The first female lead Marvel film was always going to be good but Brie Larson as Carol Danvers just took it to a place beyond anything I thought it could go. The main message running through was that even though Carol had gained Kree powers and could blast people, she was powerful and strong when she was human. Her determination and strength was shown in a beautiful montage of Carol being knocked down at various ages but then standing up stronger and braver than before. Brie Larson’s comedic timing was on point and I believed that she really didn’t have an memories before waking up in Hala, the Kree city. Maria, Carol’s best friend and fellow pilot was also a great female character. Despite being a single mother and black, she became an Air Force pilot. When Carol came back with no memory, she helped her remember her life and their adventures together. Her daughter, Monica who admired Carol as her role model was also a great female character. Definitely one to take young girls who need self-belief and the confidence to achieve their dreams.

A Private War

This film was very powerful and more shocking and sad than the previous two but Rosamund Pike as the war journalist, Marie Colvin was striking. Marie goes to war zone after war zone reporting on the most horrific things she can find and does it with a bravery that most people don’t have in them. A male journalist in her situation might retire after the trauma and danger she went through but she kept going even after having a stint in a rehabilitation facility due to her PTSD. In each war zone: Iraq, Libya, Afghanistan and Syria, Marie felt compelled to share the horrors of war and what was happening to the civilians who had nothing to do with the conflict. Marie also struggles with her personal life, her husband leaves her, she drinks and smokes way way too much, she doesn’t leave enough time for friends and after losing an eye, she becomes depressed.

I loved this film for it’s honesty and showing what war is really like not for the soldiers or terrorists but for the people, the citizens. War really took a toll on Marie and her writing was so visual that she is regarded as one of the best journalists of her time. The ending shocked me as I didn’t know much of Marie’s story and I won’t spoil it here but throughout the film there is a countdown in years to Syria. Would be happy to watch this again.

The Princess Diaries

An older film than the others in this post but she a great film for women. Mia, a normal, socially awkward teenager is told that she is the heir to the Genovian throne, a fictional European country. She starts ‘Princess Lessons’ with her Grandmother, Clarisse, the Queen of Genovia. Mia realises that some people just want fame and not everyone will be as nice as her artistic supportive mum or best friend Lily. This film is full of laughs and I have seen it many a time. Mia is a role model to young girls everywhere as she chooses to use her position to change things in the world for the better. Her house is also really cool. I would encourage any woman, young, old or in-between to watch this uplifting female empowering film. The sequel is also worth a look.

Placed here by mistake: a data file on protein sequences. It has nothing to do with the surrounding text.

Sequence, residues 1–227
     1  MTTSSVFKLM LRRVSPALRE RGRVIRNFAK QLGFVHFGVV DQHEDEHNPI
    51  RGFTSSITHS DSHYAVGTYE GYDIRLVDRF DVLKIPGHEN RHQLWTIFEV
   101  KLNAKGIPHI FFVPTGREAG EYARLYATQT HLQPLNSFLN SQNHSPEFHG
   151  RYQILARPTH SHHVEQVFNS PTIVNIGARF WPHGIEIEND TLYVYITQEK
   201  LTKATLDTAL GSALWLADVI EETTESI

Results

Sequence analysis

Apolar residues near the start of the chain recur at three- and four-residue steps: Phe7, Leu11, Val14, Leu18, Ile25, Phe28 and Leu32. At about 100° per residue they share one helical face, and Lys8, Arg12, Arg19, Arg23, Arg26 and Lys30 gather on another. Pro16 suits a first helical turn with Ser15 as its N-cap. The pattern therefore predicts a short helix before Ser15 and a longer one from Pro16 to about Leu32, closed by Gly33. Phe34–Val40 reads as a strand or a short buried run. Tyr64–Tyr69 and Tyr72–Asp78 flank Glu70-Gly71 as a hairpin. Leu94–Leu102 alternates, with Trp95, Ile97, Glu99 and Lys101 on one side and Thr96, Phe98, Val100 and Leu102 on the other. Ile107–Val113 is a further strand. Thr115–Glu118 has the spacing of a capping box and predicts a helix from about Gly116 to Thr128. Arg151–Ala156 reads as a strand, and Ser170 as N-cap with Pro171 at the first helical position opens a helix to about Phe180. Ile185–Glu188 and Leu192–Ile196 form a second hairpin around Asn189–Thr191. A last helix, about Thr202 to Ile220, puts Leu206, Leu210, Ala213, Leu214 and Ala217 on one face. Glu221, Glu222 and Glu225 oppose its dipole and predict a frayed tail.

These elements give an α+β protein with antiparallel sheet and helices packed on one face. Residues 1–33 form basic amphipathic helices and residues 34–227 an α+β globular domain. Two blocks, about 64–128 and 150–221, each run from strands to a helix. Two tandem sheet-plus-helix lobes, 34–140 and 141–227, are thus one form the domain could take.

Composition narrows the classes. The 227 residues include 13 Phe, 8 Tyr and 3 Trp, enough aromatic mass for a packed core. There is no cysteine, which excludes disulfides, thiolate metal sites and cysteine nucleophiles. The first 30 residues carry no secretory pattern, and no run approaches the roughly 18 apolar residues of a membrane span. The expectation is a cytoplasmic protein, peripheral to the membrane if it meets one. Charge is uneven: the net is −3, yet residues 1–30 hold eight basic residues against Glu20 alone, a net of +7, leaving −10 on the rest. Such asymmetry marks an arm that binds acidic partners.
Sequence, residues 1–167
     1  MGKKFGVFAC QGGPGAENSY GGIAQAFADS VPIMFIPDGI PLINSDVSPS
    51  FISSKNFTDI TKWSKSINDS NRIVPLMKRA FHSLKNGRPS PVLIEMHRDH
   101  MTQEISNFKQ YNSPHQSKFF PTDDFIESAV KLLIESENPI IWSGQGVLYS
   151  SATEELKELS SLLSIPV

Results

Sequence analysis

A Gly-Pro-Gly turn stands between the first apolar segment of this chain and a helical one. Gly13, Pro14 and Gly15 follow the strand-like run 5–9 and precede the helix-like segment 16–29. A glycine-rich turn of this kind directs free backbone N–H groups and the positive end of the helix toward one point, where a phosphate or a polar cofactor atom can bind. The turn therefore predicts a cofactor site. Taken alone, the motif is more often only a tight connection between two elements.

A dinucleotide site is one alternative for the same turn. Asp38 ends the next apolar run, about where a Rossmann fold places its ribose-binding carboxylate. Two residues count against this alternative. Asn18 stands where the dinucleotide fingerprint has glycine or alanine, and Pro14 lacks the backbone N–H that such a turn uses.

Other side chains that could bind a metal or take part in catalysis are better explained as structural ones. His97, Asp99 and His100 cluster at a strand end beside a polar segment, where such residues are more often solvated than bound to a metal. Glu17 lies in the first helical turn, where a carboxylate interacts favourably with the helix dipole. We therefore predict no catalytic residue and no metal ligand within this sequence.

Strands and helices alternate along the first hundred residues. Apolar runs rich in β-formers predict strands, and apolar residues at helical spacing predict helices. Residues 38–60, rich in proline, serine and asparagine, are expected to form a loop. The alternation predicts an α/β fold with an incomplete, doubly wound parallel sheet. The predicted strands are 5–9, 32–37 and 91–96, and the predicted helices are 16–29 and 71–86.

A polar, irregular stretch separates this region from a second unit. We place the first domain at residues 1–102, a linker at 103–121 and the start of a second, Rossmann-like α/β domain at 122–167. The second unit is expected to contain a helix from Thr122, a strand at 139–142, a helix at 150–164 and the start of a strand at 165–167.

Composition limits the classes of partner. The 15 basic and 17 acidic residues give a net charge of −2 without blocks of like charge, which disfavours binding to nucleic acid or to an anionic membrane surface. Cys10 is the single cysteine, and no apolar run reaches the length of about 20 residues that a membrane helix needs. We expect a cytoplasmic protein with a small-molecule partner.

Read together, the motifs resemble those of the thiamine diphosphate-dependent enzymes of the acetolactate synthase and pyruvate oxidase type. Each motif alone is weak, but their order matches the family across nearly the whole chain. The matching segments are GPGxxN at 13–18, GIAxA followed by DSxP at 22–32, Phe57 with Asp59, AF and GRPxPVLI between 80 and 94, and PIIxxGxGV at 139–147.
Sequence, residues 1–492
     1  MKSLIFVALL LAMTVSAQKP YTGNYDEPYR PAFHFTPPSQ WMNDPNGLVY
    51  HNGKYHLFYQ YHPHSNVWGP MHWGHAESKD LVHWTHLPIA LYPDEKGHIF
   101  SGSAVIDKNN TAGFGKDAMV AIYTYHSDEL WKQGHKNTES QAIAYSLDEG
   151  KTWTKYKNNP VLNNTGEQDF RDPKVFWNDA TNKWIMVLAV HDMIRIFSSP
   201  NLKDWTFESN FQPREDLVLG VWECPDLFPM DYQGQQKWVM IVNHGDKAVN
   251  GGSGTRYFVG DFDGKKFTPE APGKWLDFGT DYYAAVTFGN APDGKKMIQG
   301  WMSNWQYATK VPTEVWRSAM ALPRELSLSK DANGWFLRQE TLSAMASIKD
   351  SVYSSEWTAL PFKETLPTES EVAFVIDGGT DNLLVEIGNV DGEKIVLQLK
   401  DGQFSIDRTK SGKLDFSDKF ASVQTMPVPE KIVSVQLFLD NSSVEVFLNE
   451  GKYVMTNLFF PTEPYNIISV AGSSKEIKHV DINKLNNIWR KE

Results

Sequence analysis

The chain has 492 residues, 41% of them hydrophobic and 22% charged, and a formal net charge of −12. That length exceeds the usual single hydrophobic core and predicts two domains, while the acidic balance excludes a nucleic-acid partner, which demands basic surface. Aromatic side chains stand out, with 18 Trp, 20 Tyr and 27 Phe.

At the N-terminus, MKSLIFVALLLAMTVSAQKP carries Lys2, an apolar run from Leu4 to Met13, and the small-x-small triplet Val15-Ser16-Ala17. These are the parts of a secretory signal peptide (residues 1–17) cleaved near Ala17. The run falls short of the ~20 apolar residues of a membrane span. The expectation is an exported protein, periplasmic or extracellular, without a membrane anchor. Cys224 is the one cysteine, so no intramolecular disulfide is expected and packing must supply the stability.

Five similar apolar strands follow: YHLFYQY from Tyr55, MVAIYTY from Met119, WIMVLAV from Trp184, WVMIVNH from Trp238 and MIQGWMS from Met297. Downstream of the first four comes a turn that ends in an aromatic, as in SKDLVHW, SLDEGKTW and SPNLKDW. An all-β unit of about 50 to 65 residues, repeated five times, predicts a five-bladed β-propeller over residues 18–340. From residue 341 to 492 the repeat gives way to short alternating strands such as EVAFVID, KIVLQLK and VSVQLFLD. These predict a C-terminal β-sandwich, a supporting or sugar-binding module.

Can You Ever Forgive Me?

Lee Israel’s motivations are relatable, she can’t sell her work and is living in a cockroach invested apartment in New York. Her actions are not well thought out as she starts forging letters from great literary figures like Dorothy Parker when her work as a celebrity biographer is no longer relevant. She starts selling her letters, claiming her cousin found them in his loft and then ropes in her friend and fellow writer, Jack Hock to help her pass off the letters as originals. It works until it doesn’t. Lee doesn’t have much luck in her personal life, her girlfriend left her and her new love interest at the book shop unravels when the letters are discovered as forged. The film itself is based on Lee’s book she wrote on the ordeal and why she did it. Melissa McCarthy as Lee was one of the best of her career and a real change from her usual comedy such as Bridesmaids, Tammy, Identity Thief and Life of the Party. This film showed Lee’s ingenuity and creativity when she had no other way of making money. Someone else may have accepted a job in a different field but Lee persevered in her chosen profession. A great film that showed the resilience of women.

Isn’t it Romantic

Rebel Wilson in Isn't It Romantic (2019)

An anti-rom-com with Rebel Wilson in her first lead role that made fun of every troupe while simultaneously fulfilling them all. Rebel plays Natalie an architect who loves her job but wishes she did more than design parking garages and watch her friend Josh stare at the beautiful woman on the billboard outside her window. When Natalie bumps her head she ends up in a cliche rom-com with hot doctors, clean streets and handsome men falling in love with her. She doesn’t know how to leave but when Josh starts dating the woman from the billboard; yoga ambassador Isabella, Natalie thinks that breaking them up will get her out of this rosy, annoying world. This film was a feel-good romantic comedy while simultaneously making fun of all the cliches such as women fighting at work, Natalie’s friend/assistant, Whitney suddenly becomes her rival; random bursting into song; perfect flash mob dance sequences. Natalie realises at the end that to escape the ‘perfect’ world she needs to love herself not any man and I think that is a really female empowering message. I love Rebel Wilson in any role she does and this was no exception.

I Feel Pretty

Another film where a woman feels underappreciated then hits her head. This time Amy Schumer is Renee, an under-confident woman not happy with her size, her dating life or her dead end job in a basement in Chinatown working for Lilly Leclair as an IT specialist. After falling off a Soul Cycle bike and hitting her head, Renee wakes up believing that she is the most beautiful woman in the world. This gives her more confidence to pursue her dream job as a receptionist for Lilly Leclair, working in their Fifth Avenue office. Her friends who have always loved her are confused as it everyone else as Renee hasn’t changed at all, she just thinks she has. When Renee becomes close to Lilly Leclair head honcho, Avery Leclair, she starts leaving her friends and new boyfriend, Ethan behind. Being confident makes her self-centred and vain. I thought Amy Schumer was great in this role and the message that you are perfect just the way you are and can achieve your dreams with the right attitude and self-belief was really strong and moving for me.